Alder Creek forest is famous for the Stagg Tree, a 250-foot tall giant named after Amos Alonzo Stagg (1862-1965), a pioneering football coach at the University of Chicago who retired to Stockton. The tree is believed to be the fifth largest tree in the world by volume.

Hodder said that his organization hopes to transfer the Red Hill property to the Forest Service in 2022. But it will retain the Alder Creek property for up to 10 years. During that time, scientists plan to draw up public access plans. They also will work with logging crews and government officials to thin out areas that have grown unnaturally thick after generations of fire suppression.

They will not cut down any ancient sequoias, Hodder said. Rather, workers will remove pine, fir and cedar trees in some places. Over the past 20 years, a number of big forest fires in the Sierra Nevada - including the Pier Fire in 2017 and the Rough Fire in 2015 - have burned so hot that they have killed several dozen giant sequoias. Removing unnaturally thick brush and trees, which the National Park Service regularly does at Mariposa Grove in Yosemite, reduces the risk of severe fires, and increases the likelihood that when fires do start, they will burn more moderately along the forest floor, allowing the fire-resistant trees to survive.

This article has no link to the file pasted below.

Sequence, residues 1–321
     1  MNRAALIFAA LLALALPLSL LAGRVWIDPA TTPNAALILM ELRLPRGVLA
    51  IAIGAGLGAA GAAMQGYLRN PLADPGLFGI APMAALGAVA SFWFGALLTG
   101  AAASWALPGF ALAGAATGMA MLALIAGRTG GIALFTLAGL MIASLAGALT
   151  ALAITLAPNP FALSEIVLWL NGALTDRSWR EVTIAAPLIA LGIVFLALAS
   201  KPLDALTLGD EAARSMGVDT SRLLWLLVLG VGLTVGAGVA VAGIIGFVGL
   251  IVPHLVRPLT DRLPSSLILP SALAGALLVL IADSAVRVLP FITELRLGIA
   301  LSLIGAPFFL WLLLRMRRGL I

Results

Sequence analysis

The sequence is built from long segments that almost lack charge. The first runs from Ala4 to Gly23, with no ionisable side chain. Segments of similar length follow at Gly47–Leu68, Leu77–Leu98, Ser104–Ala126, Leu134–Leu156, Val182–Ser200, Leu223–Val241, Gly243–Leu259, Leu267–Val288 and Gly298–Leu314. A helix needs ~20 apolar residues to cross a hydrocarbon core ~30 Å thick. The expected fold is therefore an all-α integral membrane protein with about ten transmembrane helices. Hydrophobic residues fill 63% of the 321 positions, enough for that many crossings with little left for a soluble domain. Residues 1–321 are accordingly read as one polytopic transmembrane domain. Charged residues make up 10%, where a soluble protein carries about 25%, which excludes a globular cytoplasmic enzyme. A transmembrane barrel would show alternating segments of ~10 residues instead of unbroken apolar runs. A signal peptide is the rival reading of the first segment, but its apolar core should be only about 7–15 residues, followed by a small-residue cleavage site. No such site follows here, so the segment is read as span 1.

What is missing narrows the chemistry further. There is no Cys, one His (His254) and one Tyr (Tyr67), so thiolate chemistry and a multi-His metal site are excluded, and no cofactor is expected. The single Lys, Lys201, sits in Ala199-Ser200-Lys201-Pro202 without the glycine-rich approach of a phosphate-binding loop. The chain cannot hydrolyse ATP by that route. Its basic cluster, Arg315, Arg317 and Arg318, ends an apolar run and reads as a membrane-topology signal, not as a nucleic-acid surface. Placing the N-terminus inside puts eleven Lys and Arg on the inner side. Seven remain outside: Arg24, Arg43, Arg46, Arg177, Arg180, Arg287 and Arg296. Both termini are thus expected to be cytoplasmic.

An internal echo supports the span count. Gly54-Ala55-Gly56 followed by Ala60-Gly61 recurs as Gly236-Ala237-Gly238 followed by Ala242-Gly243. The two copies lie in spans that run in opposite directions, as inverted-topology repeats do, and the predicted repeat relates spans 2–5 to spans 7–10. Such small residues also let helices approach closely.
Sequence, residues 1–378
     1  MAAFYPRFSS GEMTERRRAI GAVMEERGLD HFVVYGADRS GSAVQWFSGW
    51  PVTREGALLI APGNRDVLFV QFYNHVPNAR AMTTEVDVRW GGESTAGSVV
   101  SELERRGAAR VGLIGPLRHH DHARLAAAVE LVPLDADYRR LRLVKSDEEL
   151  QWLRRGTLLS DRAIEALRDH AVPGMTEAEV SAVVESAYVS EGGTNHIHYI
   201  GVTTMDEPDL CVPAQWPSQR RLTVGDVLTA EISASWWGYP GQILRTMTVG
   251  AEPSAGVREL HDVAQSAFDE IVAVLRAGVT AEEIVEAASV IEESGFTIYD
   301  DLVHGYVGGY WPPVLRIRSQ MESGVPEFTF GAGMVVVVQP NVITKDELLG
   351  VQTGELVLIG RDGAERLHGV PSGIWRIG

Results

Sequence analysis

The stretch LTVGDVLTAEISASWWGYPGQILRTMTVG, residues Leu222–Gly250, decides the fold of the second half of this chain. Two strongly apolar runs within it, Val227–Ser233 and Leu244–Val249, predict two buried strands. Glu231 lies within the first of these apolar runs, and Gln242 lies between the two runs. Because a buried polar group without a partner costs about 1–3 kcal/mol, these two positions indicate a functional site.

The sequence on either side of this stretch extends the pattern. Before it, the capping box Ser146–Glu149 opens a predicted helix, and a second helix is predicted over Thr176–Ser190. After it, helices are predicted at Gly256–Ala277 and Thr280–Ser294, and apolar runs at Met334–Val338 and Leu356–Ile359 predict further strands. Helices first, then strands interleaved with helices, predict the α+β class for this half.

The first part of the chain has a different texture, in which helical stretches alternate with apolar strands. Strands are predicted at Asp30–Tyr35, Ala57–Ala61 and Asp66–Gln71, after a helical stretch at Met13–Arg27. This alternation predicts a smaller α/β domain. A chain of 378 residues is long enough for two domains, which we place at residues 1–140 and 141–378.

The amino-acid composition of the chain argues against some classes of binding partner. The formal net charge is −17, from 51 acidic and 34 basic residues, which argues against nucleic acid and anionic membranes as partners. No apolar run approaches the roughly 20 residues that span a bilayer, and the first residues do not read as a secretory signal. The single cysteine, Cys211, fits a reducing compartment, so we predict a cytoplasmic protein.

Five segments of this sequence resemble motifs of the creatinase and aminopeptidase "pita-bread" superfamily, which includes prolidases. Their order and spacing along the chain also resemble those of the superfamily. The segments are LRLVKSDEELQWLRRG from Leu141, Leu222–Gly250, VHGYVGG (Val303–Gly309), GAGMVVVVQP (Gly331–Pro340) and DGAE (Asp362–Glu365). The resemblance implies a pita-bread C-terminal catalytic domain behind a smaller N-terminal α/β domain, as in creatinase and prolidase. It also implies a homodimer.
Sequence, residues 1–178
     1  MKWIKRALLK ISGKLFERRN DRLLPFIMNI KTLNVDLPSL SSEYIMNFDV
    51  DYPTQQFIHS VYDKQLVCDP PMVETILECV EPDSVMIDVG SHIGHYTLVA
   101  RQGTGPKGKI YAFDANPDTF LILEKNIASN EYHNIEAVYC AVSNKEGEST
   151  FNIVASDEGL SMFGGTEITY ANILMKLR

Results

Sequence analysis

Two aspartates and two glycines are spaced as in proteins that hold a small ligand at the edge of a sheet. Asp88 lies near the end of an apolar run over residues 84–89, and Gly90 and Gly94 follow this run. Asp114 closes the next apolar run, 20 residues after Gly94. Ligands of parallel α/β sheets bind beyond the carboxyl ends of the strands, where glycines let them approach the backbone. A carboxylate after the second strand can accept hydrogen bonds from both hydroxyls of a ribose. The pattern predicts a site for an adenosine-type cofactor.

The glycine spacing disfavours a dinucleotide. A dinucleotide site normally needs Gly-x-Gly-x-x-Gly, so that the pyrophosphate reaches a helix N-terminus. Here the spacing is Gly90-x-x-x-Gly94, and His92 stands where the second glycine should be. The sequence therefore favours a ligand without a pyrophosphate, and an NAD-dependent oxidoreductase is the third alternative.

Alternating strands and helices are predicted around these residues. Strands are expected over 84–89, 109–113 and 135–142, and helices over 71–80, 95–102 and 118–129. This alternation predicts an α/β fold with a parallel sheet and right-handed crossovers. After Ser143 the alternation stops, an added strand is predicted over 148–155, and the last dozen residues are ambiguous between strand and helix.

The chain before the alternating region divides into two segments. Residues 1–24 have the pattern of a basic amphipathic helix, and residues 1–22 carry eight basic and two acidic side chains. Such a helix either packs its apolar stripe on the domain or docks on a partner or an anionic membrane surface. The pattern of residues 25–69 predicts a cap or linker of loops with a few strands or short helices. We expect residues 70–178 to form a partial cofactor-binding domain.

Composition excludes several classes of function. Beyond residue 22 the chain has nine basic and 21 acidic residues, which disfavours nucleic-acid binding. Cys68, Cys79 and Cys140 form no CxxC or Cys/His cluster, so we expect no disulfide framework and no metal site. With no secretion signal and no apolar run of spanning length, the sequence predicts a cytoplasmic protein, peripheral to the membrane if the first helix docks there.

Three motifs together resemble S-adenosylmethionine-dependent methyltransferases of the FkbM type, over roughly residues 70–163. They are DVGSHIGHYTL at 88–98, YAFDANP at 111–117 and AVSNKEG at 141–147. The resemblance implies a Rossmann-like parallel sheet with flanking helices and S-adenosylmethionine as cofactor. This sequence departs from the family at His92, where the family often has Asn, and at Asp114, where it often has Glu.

“Our goal is to make sure the property is fire ready,” Hodder said. “The age-old belief that no matter what you throw at giant sequoia, they are going to survive, we now know that's not the case anymore.”

Rouch, who works as a building contractor, said five generations of his family have a history on the Alder Creek property. It is selling it now because, like many families, each generation has more heirs, which makes for complicated estate planning and succession.

He noted that he has never visited Yosemite National Park, a two-hour drive away from his house.

“We have this property. I haven't needed to,” he said.

But that all will probably change now. And Rouch said, he is glad the enormous sequoias he grew up with will be preserved so that future generations will enjoy them.

“We've used the land,” he said. “But we have tried to take the best care of it that we can.”